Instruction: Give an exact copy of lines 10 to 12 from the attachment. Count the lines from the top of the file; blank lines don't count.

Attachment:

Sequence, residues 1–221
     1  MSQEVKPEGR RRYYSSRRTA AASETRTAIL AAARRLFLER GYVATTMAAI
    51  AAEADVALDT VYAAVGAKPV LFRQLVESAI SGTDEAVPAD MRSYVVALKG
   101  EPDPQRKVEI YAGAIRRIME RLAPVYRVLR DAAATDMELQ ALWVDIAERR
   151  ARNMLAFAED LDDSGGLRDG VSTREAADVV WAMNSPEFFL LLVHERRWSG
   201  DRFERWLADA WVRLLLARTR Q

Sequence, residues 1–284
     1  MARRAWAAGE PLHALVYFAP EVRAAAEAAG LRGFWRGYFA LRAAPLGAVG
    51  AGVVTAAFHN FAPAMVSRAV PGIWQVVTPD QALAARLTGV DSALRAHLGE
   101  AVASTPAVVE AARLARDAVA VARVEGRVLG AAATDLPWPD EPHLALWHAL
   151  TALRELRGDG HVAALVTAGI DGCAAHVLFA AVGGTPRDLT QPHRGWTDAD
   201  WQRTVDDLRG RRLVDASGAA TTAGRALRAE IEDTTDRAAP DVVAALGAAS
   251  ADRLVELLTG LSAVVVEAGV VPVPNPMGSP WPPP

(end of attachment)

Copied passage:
   101  AVASTPAVVE AARLARDAVA VARVEGRVLG AAATDLPWPD EPHLALWHAL
   151  TALRELRGDG HVAALVTAGI DGCAAHVLFA AVGGTPRDLT QPHRGWTDAD
   201  WQRTVDDLRG RRLVDASGAA TTAGRALRAE IEDTTDRAAP DVVAALGAAS